What will it take to sign Park?  We have Jung Ho Kang's contract for a guide.  The Pirates signed him for 4 years / $11 million guaranteed ($2.5M, $2.5M, $2.75M, $3 and an optional 5th for $5.5M with a $250K buyout) and their winning bid was $5 million, so the total guaranteed cost of the contract was 4/$16M.  I think that it will be reasonable for the Twins to sign him to a 4 year ($3M, $3M, $4M, $4.5M) with an optional fifth year at $6 with a $500K buyout.  This will be a 4/$15M contract for the player, and adding the fee a 4/$28M contract for the Twins, most of it front loaded with the posting fee.  The annual cost for the Twins will be at around $7 million, which is $3.5 million annual savings for what they paid Hunter, a little less than what Plouffe will make on arbitration and a considerable $3-5M savings over what they would have take to re-sign/extend Plouffe. 

So in other words, this is likely what Terry Ryan was thinking: Better production than what he had in 2015 at 2/3rd of the cost, and most of it front loaded in a way that he would not have to pinch more pennies when Sano hits arbitration.  Where would he fit? Let them sign him first, and we'll figure where he fits later, but here are a couple of things to think about:  Park is a plus defender at first base with a plus arm and Mauer in the past 2 seasona has a .774 OPS as a DH vs..717 as a first baseman.  Terry Ryan was adamant about Park being the Twins' DH, but you never know. So there might be a plan for that as well, after all... 

Let the negotiations begin and meanwhile enjoy every single home run that Park hit in 2014 in this video:


A catcher the Twins should sign right now

A few days ago, I looked into all 20 free agent catchers and suggested one who was the best fit for the Twins.   The criteria were that he should:

  • be left handed or switch hitting, so he complements Suzuki in a platoon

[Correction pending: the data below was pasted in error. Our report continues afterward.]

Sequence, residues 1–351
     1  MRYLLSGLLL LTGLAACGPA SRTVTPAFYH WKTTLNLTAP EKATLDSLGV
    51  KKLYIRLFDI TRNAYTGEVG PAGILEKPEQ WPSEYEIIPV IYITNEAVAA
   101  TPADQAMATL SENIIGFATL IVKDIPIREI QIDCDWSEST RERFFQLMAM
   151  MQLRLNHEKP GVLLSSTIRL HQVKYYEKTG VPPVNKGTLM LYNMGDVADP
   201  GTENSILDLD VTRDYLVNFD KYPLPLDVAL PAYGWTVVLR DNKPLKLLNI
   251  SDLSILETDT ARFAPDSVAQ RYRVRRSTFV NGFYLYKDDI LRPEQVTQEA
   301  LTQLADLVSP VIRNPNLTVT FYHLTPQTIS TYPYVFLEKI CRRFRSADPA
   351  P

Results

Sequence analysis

• hit RHPs well, because he will be hitting mainly against them; with his performance against LHPs meaningless,  because Suzuki will be facing those
  • and, do not cost a ton, because the Twins have few more holes (LH power, bullpen) which will cost $ to fill
  • be accustomed to be a starter, because he will have more PAs than Suzuki 
  • be a better defender than Suzuki.
 Based on that criteria, the best free agent fit for the Twins was Brayan Pena.

As I indicated back then, there will be more than 20 MLB and high MiLB free agents, since the MiLB free agency is just beginning.   And a very intriguing player joined the ranks of the minor league free agents; and the Twins should sign him to a MiLB contract with an invite to Spring Training as soon as possible.   This does not negate the need to sign someone like Brayan Pena, but there is absolutely no risk in signing 32 year old George Kottaras to a minor league contract. 

Kottaras is a 6'. 200 lbs, left handed Catcher who spend seven MLB seasons with seven teams and has been shuttling between the majors and AAA.   In seven seasons in the majors he hit .215/.326/.411 overall in 313 games (858 PAs) and .223/.323/.439  in 267 games (680 PAs) against RHPs.  Kottaras satisfies the top 3 criteria, and it would be senseless not to try to sign him to a minor league contract, since there is no risk.  His best season in the majors was 2012 when he hit .211/.351/.415 in 85 games between Milwaukee and Oakland.  That season he hit .207/.335/.434 against LHPs (including 9 HRs in 145 ABs,) showing remarkable isoP and isoD against lefties. 

Another remarkable statistic about Kottaras is that he is hitting .230/.378/.492  in high leverage situations (166 PAs), and .208/.381/.393 with Runners In Scoring Position (237 PAs).   He spend all last season in the AAA for Toronto and the Chicago White Sox, where he hit .238/.372/.429 in 47 games (181 PAs), and .257/.423/.514 against RHPs.  He has been cosidered a top defender and was the personal catcher of knuckleballer Tim Wakefield with the Red Sox, the last few years he has been throwing out fewer runners than the average catcher, however his blocking skills are still top-notch.

I see no reason for the Twins not to sign him to a minor league contract with a Spring Training invitation; worse comes to worse, he could start in Rochester replacing departing Free Agents Eric Fryer and Allan de San Miguel.